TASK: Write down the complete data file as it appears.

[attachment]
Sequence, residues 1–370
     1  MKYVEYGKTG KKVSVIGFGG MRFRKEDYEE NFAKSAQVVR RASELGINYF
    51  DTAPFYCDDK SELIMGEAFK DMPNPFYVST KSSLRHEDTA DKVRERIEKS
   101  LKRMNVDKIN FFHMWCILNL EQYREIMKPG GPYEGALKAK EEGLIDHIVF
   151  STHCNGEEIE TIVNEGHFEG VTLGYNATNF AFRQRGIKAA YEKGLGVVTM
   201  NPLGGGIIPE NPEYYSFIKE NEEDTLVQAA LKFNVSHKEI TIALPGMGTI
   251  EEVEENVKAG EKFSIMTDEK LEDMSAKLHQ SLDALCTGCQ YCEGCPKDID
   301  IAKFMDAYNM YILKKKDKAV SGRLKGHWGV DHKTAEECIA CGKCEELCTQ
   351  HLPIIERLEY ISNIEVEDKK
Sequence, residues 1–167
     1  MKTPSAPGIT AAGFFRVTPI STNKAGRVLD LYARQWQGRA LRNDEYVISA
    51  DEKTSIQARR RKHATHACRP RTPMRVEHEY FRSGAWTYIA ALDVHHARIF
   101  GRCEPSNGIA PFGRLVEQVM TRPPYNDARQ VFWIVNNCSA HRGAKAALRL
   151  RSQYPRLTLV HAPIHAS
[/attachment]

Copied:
Sequence, residues 1–370
     1  MKYVEYGKTG KKVSVIGFGG MRFRKEDYEE NFAKSAQVVR RASELGINYF
    51  DTAPFYCDDK SELIMGEAFK DMPNPFYVST KSSLRHEDTA DKVRERIEKS
   101  LKRMNVDKIN FFHMWCILNL EQYREIMKPG GPYEGALKAK EEGLIDHIVF
   151  STHCNGEEIE TIVNEGHFEG VTLGYNATNF AFRQRGIKAA YEKGLGVVTM
   201  NPLGGGIIPE NPEYYSFIKE NEEDTLVQAA LKFNVSHKEI TIALPGMGTI
   251  EEVEENVKAG EKFSIMTDEK LEDMSAKLHQ SLDALCTGCQ YCEGCPKDID
   301  IAKFMDAYNM YILKKKDKAV SGRLKGHWGV DHKTAEECIA CGKCEELCTQ
   351  HLPIIERLEY ISNIEVEDKK
Sequence, residues 1–167
     1  MKTPSAPGIT AAGFFRVTPI STNKAGRVLD LYARQWQGRA LRNDEYVISA
    51  DEKTSIQARR RKHATHACRP RTPMRVEHEY FRSGAWTYIA ALDVHHARIF
   101  GRCEPSNGIA PFGRLVEQVM TRPPYNDARQ VFWIVNNCSA HRGAKAALRL
   151  RSQYPRLTLV HAPIHAS